Mr CLARE, the magistrates' clerk, thought the real question was, whether, if, while the property remained unsold in the hands of the pawnbroker, the principle and interest were tendered to him, he was not bound to restore it?
Mr Folkard denied he was bound to do so. He could in future easily say, when applied to respecting pledges under ten shillings, that he disposed of them. he had not charge the extra fourpence as interest.
The CHAIRMAN said the Bench was bound to suppose he had charged it as such, the year, in their opinion, not having expired when he told the complainant he should make the extra charge.
Mr Folkard repeated it had been one of the regulations of the trade for the last 50 years to make the extra charge.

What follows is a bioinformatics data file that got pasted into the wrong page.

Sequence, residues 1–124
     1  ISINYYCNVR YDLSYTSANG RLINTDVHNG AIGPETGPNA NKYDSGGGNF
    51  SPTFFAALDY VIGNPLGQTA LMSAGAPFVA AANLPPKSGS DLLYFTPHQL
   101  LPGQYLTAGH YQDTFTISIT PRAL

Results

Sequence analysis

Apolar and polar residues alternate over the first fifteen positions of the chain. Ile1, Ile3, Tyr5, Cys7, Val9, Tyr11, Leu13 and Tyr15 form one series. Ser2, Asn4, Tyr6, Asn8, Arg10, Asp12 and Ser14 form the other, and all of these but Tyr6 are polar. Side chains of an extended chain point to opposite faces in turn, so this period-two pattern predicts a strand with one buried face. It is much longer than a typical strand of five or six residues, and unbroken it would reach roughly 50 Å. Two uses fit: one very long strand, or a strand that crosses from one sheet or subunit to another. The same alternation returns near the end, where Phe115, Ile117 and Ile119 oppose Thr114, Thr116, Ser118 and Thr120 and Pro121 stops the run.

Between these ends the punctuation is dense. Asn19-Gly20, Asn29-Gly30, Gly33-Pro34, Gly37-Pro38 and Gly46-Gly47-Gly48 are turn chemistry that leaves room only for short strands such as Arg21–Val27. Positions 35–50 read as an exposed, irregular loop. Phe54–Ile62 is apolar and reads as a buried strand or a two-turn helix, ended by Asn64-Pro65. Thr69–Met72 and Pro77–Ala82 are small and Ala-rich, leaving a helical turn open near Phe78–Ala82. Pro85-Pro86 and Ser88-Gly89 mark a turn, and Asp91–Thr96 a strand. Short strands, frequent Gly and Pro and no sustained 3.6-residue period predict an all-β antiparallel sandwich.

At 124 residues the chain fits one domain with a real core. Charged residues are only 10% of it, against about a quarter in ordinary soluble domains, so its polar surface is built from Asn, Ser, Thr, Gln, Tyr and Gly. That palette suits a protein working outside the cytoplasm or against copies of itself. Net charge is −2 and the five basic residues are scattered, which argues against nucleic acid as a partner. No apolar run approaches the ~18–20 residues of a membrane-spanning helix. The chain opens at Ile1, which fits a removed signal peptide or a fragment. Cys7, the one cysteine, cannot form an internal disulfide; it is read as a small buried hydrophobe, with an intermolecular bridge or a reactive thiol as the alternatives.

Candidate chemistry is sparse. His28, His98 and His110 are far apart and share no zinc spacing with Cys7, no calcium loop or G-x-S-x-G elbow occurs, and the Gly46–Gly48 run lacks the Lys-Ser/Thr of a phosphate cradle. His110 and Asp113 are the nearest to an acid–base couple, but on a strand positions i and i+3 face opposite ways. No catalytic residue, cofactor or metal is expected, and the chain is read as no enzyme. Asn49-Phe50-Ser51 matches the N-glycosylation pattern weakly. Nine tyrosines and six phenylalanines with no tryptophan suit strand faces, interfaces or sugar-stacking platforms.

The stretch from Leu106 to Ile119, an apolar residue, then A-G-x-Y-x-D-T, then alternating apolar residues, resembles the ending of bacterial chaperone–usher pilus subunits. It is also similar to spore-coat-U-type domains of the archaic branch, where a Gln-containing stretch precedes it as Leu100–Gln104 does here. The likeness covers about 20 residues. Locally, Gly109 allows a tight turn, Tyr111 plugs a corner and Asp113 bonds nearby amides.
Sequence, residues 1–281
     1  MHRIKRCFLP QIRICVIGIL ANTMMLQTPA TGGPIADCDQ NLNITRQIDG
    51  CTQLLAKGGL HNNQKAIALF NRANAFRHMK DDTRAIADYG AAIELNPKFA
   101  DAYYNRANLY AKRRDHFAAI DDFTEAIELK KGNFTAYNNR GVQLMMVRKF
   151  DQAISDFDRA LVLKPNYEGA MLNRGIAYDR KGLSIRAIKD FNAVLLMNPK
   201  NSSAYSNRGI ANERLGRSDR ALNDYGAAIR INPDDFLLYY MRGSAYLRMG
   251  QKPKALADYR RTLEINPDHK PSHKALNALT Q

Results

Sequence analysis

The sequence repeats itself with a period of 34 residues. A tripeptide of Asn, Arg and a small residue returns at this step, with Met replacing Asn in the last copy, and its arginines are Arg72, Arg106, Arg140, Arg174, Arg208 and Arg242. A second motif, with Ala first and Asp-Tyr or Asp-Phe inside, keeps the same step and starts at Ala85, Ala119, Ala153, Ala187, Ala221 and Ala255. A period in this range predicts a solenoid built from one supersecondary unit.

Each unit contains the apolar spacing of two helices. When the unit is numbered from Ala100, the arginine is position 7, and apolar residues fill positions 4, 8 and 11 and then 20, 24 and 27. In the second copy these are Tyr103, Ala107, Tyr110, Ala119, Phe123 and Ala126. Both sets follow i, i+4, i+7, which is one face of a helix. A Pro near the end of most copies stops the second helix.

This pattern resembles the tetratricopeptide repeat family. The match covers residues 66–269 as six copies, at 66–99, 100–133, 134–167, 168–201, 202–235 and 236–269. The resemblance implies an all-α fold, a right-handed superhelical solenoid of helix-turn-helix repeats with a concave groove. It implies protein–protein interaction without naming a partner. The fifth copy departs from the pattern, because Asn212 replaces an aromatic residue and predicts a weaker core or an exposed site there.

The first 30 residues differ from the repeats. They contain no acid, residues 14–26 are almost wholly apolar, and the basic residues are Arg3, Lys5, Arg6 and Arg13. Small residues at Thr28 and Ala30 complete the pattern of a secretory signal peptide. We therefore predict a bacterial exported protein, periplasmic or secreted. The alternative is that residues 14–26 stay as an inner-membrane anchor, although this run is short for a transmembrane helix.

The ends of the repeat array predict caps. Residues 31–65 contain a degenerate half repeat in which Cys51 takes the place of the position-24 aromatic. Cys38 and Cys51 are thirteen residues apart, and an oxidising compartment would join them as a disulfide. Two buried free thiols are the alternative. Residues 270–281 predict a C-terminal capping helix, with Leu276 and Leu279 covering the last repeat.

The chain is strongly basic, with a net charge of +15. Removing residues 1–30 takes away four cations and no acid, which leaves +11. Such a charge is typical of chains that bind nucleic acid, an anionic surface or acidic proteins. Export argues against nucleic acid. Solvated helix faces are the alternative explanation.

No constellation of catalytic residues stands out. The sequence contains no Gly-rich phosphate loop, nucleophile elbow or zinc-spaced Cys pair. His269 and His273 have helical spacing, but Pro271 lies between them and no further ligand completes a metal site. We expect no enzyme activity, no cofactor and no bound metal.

The CHAIRMAN said it was immaterial whether it was a regulation of the trade or not, it was highly illegal.
The complainant not wishing to press the charge, Mr Folkard returned her the fourpence, with which she expressed herself satisfied.
The Dickensian-sounding Folkard came from a family of pawnbrokers and silversmiths. His shop was in Old Brentford and research shows it most probably was at 288/289 High Street (later Rattenburys). Read more about the Folkard family of Brentford.
Derby Mercury Wednesday 24 February 1847
A BRAVE LAD.- A fire broke out on Thursday morning in the premises of Mr. Grover, a boot and shoemaker, situate in the High Street, Old Brentford.